Visiting Zion National Park On A Busy Holiday Weekend


Zion National Park

Zion National Park


From the moment you approach the area of Zion National Park you will SAY “WOW!” You are surrounded by a magnificent maze of wonder everywhere you turn. And if you are folks like us, we have to plan our adventure trips around work, hence; sometimes taking our trips on holidays or holiday weekends. I was a little intimidated after reading and hearing about the nightmare crowds that have been swarming the national parks in recent years, especially around the holidays. Just a handful of years ago, Zion was getting 2.5 million plus visitors per year, today it is up to 4.5 million visitors per year, according to the Zion Human History Museum information video. (This museum is located at shuttle bus stop 2 in the park.) Anyway, we had the best time while exploring this park, and even met a few friends along the way. I have recapped a few lessons learned after our visit to Zion National Park over the Memorial Day weekend holiday.

Things To Remember for The Next Visit.
Early Bird: We awoke at 3:15AM and on the road by 4AM (from St. George, Utah at Comfort Suites Hotel). However, we did not need to awaken so early. We can sleep at least another hour if staying in St. George. It does make your experience better if you do arrive early especially if its your first time visiting.
Parking: We learned that if you arrive early enough, you can drive further back into the park and there are parking spots at the shuttle stop areas. To avoid some of the crowds using the shuttles.
As we departed the park in the later part of the afternoon around 4:30 p.m., we saw numerous parked cars along the main street (Zion Park Blvd) all the way until the end of town as we left. Knowing that we saw several various parking spots open within the park at designated parking areas at each shuttle bus top. If arriving at the park early in the morning, it’s a good idea to go ahead and drive in within the park and go further, even as far as Angels Landing trail to check for open spots. And if no luck, then find a spot on the street (free) outside of the park and catch the shuttle bus, which is no charge. Parking Update. That should be early enough to go in and come out if no parking spots are open before the busy hours begin.
Entrance Fees: If you arrive very early as well, the visitor center is not open until 8 a.m., and the park entrance cashier may not be there until then as well. Another option is that you can purchase the annual pass which costs around $80. Then you can visit as many National Parks as you can in a year and use this pass which is what I have now and it is great!
Fitness: Another idea on how to prepare for some of the hikes in Zion requiring climbing is to exercise and strengthen your arm and leg muscles. My arms and quads were sore because we used the chains attached to the rocks to pull ourselves up or to lift the legs and step up onto steeper areas of the trail. It was a great workout and it gets your heart pumping.
Cameras and Cell Phones: Be careful while holding your phone cameras near waterfalls or rushing water. We saw a young lady drop her cell phone in the pool of water / waterfalls near the Temple of Sinawava stop near the Narrows trail head. It appears she did not find it again.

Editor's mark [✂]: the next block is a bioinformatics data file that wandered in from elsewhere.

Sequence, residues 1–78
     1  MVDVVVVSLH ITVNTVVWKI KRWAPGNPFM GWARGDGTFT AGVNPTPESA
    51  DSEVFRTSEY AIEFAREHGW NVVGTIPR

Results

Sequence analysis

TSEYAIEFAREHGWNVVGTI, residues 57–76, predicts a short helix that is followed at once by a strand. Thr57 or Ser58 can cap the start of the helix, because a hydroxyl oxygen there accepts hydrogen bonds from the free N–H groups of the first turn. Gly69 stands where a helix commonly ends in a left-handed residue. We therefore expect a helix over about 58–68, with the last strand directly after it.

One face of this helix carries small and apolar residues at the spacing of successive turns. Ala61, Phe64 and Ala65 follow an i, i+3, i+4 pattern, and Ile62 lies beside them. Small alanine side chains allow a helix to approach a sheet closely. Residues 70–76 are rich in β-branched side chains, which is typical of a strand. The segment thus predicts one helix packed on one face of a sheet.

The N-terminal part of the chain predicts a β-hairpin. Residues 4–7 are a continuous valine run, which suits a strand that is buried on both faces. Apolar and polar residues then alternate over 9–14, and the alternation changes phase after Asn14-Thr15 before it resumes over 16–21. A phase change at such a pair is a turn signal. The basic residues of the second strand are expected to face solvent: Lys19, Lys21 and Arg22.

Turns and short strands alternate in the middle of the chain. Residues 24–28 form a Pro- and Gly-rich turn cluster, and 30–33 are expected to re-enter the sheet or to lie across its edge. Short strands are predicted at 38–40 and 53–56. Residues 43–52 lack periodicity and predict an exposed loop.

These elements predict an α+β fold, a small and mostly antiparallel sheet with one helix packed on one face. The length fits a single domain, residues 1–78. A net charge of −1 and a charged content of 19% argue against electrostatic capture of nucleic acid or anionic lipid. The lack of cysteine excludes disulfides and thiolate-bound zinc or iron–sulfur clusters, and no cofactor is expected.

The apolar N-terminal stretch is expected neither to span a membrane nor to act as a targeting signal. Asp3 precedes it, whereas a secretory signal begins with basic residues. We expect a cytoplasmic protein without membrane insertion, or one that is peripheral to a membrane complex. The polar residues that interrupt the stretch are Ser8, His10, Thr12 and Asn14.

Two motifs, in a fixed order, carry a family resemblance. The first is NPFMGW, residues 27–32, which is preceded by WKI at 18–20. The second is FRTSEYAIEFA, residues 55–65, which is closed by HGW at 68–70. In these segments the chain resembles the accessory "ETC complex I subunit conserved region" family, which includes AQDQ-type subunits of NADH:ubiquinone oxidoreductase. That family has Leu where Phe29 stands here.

Lodging: The small town of Springdale also has options for lodging, but we found the prices to be quite high, so we elected to stay in nearby St. George (about 45 minutes from Zion); and enjoyed our comfortable stay in a newly built Comfort Suites.

Things To Bring For Zion Hiking: Seasons: Springtime
Light layers of clothing: Cool mornings can warm up in later parts of the day.
Hat or visor-(it can get windy at the summits, so hang on to your hat)
Sunglasses
Sunscreen
Flashlight
Snacks, food, water or vitamin drink with electrolytes
Cameras; make sure they are secure.
Hiking Shoes: A good pair of hiking shoes to provide a better grip while climbing.
Disclaimer: This article is based on my experiences only and I am primarily sharing ideas that I will take note and keep in mind for my next trip to Zion. And it was a successful and amazing trip overall so I would say our trip worked out pretty good.

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Written by FitlifeandTravel
Hello, I'm Shannon, a military veteran turned adventurer traveler blogger! My first experience traveling was while I was in the military traveling half way around the world to places like Phillippines, Thailand, Wake Island, Diego Garcia, Oman. As the founder of Fitlifeandtravel.com, my goal is to share my experiences in adventure and exploration; and hope to inspire you along the way.

Comments:
Keith Baker

Keith Baker
Jun 14, 2019 at 15:01

Hurricane & La Verkin are closer to Zion than is St Georgeand also have lower prices than Springdale.


FitlifeandTravel
Jun 14, 2019 at 16:55

Thanks, Keith. Yes,.. but at the time of our hotel search, St. George was our best/affordable option since we probably booked later than we should have. Next time, we will look in Hurricane. Thanks again.


Bill

Bill
Aug 28, 2019 at 14:11

The above parking recommendations are only partially accurate. From March-November the only way to access the in-canyon trailheads (i.e. Angel's Landing, Observation Point, Zion Narrows, etc) is to take the Park Shuttle bus - private vehicle are not permitted. With the exception of visitors staying at the Zion Lodge, the Zion Canyon scenic drive is open to private vehicle travel only during the slower winter months Dec-Feb. Furthermore, the only free parking in the area is at the Visitor's Center just inside the park entrance. On-street, and private lots in the town of Springdale are all pay-to-park. During the busy months of March-November Visitor's Center parking is usually full by 9AM - earlier on holiday weekends.


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